Smacking kids as young as three can turn them into bullies before they reach school, a new study has suggested.
The research into corporal punishment found that toddlers smacked at least twice a month are at higher odds of being aggressive by the time they are five.
Of the 2500 children studied, almost half were deemed with "higher aggression" and had been spanked more than twice a month.
Regular smacking doubled their chances of adopting bullying behaviours compared with those children who have never been hit.
New Orleans' University of Tulane public health researcher Catherine Taylor said there was growing evidence smacking kids did not work.
"This evidence suggests that primary prevention of violence can start with efforts to prevent the use of corporal punishment against children," News.com.au quoted her as saying.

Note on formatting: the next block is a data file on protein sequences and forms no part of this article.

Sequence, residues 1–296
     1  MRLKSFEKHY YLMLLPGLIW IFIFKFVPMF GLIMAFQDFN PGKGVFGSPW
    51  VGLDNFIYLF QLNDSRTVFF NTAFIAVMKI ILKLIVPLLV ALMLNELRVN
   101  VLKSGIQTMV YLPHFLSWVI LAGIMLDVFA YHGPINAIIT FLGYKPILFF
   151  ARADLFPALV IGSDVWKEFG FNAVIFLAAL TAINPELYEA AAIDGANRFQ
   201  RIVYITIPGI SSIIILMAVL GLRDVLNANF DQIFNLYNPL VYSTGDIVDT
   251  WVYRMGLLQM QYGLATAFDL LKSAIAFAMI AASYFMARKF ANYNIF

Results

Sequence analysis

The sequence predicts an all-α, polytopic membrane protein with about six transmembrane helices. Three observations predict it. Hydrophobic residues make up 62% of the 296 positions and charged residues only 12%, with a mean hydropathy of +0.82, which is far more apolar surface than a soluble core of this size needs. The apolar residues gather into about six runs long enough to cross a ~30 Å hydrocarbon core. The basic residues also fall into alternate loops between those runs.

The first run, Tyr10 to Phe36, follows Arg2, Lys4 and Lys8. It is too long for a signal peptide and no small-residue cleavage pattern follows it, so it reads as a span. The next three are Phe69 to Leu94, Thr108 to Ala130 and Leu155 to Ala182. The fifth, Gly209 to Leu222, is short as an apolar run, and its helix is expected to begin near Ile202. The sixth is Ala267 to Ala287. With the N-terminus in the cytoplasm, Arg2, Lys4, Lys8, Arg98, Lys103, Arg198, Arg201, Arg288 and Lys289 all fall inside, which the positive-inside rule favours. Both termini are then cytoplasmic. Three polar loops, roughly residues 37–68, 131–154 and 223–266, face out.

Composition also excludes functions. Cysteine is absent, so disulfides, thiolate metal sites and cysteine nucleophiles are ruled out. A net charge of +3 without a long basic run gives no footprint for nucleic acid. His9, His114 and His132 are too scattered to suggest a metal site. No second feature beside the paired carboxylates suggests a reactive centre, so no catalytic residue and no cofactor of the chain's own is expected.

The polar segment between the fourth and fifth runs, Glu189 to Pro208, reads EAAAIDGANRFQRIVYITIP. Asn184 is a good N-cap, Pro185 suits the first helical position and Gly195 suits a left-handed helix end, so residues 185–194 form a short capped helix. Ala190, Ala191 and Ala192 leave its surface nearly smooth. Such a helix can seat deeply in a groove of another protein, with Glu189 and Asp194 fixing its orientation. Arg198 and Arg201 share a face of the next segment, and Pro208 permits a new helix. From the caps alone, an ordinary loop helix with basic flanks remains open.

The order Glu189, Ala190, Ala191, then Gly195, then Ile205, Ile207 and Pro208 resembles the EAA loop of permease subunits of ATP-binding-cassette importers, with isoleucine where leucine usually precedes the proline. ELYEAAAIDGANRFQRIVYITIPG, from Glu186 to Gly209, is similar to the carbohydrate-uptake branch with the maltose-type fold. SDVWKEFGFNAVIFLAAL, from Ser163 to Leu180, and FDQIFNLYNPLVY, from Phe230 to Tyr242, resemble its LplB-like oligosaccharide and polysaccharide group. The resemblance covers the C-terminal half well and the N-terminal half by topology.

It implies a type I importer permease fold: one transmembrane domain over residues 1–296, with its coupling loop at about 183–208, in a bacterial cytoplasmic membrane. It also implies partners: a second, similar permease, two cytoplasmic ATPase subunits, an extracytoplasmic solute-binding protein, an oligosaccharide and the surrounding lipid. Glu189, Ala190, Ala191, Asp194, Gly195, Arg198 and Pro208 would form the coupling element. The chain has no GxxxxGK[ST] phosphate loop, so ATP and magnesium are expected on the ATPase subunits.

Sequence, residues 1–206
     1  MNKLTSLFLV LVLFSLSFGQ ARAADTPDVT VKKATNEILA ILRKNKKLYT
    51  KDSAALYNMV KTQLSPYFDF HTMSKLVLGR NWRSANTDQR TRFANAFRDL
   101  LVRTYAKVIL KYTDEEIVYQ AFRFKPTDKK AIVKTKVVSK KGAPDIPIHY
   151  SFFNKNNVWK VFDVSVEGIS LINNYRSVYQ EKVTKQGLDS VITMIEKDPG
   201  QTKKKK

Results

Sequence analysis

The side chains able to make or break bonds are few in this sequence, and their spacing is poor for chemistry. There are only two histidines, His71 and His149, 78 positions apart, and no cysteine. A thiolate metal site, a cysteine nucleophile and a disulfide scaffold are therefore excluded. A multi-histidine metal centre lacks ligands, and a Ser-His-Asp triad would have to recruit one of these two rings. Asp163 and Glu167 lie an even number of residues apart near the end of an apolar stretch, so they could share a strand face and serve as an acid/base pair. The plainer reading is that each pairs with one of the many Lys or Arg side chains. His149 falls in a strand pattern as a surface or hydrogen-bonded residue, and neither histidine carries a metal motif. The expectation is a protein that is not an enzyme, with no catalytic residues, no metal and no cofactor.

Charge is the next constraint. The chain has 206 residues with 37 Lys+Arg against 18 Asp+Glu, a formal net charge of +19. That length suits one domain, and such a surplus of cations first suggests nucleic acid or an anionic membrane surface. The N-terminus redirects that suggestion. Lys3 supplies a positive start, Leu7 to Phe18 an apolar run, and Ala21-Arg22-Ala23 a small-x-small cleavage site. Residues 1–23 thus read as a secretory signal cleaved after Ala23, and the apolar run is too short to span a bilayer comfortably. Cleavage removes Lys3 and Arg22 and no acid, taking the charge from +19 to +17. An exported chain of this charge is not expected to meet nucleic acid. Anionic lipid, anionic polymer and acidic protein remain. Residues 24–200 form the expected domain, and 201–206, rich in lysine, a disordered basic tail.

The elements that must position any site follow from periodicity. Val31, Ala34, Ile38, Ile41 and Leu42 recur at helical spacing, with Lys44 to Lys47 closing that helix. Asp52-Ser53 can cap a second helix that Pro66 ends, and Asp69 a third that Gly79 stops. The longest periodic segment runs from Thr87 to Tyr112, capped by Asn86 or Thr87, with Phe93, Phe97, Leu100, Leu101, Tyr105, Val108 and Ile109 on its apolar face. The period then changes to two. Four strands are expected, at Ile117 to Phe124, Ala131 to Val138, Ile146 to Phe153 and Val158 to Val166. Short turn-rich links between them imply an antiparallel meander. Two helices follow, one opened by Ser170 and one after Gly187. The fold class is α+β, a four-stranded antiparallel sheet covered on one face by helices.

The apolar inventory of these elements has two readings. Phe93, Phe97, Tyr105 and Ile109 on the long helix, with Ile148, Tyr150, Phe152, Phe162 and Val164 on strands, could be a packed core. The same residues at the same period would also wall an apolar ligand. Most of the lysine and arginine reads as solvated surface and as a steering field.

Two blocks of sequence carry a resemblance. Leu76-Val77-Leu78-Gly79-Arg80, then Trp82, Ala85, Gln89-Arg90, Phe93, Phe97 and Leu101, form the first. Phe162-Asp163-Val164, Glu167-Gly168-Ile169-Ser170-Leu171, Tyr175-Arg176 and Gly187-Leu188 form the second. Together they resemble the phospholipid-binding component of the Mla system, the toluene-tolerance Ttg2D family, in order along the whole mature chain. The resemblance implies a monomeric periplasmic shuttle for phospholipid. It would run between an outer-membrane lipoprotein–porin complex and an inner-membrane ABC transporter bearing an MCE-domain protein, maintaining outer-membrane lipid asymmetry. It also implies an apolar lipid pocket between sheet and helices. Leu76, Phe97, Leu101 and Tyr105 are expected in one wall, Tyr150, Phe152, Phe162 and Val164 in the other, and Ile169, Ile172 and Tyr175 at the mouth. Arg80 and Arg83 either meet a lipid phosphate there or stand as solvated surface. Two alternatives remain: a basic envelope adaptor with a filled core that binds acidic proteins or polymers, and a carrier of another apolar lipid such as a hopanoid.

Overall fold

While experts and most families are divided over whether spanking is damaging, many acknowledge that the occasional spank on the bottom won't permanently hurt a child.
Child psychologist Dr Michael Carr-Greggs said parents should never hit a kid over the head or with an implement.
"The single most effective way to discipline a three-year-old is time out. The second most effective way to modify their behaviour is to notice every time they act in a pro-social way," he said.
Port Macquarie mum, Raylene Alford, uses time out zones and reward charts to discipline her three-year-old son Cameron.
"We didn't want to get into the habit of smacking Cameron when he did something wrong," she explained.
"He responds well to the time-out or naughty step and afterwards we ask him to explain what he did wrong," she added.
A study published in the Pediatrics journal has added to the argument made by many psychologists that smacking can harm children.